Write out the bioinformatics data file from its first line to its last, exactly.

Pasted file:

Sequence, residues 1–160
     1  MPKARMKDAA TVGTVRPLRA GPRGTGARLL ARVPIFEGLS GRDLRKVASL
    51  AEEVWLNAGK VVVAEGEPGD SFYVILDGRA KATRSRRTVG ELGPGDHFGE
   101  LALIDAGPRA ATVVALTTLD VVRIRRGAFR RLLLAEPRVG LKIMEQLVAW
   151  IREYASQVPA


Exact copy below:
Sequence, residues 1–160
     1  MPKARMKDAA TVGTVRPLRA GPRGTGARLL ARVPIFEGLS GRDLRKVASL
    51  AEEVWLNAGK VVVAEGEPGD SFYVILDGRA KATRSRRTVG ELGPGDHFGE
   101  LALIDAGPRA ATVVALTTLD VVRIRRGAFR RLLLAEPRVG LKIMEQLVAW
   151  IREYASQVPA